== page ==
Company cuts car sales in US to focus on bikes and boats

American Suzuki Motors, beset by low sales, cut-throat competition and unfavourable foreign exchange rates, says it will pull out of the US car market and file for bankruptcy protection.

The company this week said it would continue its motorcycle and marine engine business units and would continue to honour customer warranties.

Japanese parent company Suzuki Motor Corp is not filing for bankruptcy.

American Suzuki cited its poor US car sales, high costs, regulatory requirements and unfavourable foreign exchange rates as factors that contributed to the decision to wind down its automotive business.


"While the decision to discontinue new automobile sales in the US was difficult to make, today's actions were inevitable under these circumstances," the company said.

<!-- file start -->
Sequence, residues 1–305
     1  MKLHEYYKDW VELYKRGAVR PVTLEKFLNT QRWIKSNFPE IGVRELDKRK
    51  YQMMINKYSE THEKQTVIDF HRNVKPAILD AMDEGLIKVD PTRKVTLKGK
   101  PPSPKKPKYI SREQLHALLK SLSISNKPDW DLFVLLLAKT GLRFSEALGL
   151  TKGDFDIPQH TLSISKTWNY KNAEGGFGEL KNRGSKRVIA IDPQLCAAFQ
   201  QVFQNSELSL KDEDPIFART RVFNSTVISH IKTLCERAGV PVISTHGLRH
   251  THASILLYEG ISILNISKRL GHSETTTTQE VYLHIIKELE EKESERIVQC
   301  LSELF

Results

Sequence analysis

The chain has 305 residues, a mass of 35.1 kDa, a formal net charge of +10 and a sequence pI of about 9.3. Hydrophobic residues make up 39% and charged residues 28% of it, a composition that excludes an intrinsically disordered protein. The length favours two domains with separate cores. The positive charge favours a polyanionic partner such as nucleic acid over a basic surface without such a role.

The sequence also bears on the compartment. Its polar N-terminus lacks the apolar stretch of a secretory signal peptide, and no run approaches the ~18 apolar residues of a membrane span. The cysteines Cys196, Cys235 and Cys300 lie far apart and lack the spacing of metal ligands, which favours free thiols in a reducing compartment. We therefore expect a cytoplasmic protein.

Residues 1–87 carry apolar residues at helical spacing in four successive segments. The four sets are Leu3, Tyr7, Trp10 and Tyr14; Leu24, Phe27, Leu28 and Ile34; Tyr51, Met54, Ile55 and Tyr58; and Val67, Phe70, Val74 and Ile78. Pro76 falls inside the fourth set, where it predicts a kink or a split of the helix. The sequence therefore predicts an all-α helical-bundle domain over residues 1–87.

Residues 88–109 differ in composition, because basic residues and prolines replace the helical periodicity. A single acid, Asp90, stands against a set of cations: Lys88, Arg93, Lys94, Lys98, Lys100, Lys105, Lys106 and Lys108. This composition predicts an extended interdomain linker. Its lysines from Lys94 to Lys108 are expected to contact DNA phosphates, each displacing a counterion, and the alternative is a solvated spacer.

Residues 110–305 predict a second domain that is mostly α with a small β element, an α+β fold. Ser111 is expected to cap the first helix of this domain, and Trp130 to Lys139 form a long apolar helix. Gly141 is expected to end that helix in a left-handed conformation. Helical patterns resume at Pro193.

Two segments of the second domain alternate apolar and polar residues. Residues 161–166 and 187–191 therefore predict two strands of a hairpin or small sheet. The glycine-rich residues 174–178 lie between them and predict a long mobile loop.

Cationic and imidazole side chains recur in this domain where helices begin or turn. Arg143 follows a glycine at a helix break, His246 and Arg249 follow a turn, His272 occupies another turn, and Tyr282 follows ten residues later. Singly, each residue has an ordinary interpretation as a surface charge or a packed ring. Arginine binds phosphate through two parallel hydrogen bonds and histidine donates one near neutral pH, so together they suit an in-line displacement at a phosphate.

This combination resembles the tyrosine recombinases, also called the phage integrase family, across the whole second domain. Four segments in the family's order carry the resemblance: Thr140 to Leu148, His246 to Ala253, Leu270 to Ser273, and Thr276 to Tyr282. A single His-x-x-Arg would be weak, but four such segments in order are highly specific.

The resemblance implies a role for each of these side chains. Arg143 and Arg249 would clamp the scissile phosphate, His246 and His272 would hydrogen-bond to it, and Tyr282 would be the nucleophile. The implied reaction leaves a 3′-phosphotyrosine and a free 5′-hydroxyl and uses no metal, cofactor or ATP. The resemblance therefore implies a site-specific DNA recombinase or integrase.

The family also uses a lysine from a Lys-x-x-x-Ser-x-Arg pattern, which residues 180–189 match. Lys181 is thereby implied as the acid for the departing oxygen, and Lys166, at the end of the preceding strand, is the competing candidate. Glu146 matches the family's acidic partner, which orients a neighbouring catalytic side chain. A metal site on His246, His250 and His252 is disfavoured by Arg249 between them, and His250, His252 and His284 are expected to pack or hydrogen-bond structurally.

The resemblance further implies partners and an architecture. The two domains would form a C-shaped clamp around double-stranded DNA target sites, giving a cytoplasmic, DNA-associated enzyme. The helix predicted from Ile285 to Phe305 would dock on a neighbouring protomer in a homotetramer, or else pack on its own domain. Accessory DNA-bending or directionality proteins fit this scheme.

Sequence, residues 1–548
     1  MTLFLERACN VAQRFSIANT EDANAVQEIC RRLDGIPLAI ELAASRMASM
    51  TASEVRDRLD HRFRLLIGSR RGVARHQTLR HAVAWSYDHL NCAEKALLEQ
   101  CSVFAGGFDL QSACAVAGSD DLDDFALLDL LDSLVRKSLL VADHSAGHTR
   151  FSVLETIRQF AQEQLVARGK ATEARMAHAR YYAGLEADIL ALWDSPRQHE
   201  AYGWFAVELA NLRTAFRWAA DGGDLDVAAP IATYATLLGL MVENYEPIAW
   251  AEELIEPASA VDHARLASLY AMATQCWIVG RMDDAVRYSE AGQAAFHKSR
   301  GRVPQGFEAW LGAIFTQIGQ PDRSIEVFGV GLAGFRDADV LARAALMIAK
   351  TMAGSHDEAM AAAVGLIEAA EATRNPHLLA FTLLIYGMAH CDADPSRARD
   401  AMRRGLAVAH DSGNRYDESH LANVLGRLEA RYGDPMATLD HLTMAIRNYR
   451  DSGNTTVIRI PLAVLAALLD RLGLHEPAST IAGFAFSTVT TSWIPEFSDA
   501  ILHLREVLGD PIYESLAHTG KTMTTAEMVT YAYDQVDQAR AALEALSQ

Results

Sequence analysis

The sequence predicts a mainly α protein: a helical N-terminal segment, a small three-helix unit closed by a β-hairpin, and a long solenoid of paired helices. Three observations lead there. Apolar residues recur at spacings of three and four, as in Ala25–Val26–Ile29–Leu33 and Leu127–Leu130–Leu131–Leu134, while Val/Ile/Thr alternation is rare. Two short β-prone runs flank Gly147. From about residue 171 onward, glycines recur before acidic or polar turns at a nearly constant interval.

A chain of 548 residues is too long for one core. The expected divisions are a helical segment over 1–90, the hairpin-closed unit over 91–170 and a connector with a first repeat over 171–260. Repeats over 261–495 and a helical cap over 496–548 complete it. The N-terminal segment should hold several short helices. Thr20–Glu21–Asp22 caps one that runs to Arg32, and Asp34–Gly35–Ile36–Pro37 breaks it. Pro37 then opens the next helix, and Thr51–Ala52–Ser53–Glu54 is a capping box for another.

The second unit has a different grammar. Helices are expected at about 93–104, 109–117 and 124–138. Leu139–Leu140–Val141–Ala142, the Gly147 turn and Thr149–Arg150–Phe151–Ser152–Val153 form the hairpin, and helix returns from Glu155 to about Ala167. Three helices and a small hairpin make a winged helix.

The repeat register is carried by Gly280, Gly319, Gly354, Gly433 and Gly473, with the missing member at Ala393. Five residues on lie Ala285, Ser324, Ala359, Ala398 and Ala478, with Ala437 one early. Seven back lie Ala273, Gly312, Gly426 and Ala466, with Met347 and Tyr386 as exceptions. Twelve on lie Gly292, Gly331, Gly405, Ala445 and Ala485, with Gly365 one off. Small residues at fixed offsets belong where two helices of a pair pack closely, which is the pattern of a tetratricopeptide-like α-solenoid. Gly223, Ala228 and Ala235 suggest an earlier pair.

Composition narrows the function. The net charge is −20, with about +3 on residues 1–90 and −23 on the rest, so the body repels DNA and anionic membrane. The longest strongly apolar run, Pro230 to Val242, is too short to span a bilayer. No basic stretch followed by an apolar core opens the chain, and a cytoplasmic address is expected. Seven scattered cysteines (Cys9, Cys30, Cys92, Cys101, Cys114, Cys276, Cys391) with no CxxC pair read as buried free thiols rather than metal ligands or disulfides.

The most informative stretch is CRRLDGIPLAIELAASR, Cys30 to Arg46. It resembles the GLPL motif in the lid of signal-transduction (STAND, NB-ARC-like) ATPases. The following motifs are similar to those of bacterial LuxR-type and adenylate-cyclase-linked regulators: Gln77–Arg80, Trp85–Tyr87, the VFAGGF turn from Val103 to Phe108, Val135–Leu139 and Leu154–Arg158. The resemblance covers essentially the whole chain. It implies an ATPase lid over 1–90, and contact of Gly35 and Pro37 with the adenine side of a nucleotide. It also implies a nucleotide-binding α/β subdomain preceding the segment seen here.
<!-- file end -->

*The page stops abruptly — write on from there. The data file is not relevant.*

Suzuki has about 246 US dealers. The company "intends to work within its current US automotive dealer network to help structure a smooth transition from new automobile sales to exclusively parts and service operations, or, in some instances, an orderly wind-down of dealership operations", Suzuki said.

Suzuki's US sales through October totalled 21,188 vehicles, down 5 per cent on the same period last year. The entire US market has risen 14 per cent through October.

In New Zealand, Suzuki is a strong player thanks to the Swift hatchback. It sat in sixth spot last month for new car sales, while its motorbike, the GN125, is the favourite for Kiwis (see 36-37).

Suzuki's US line-up comprised the SX4, Grand Vitara, Kizashi and the Equator ute, which is essentially a rebadged Nissan Navara.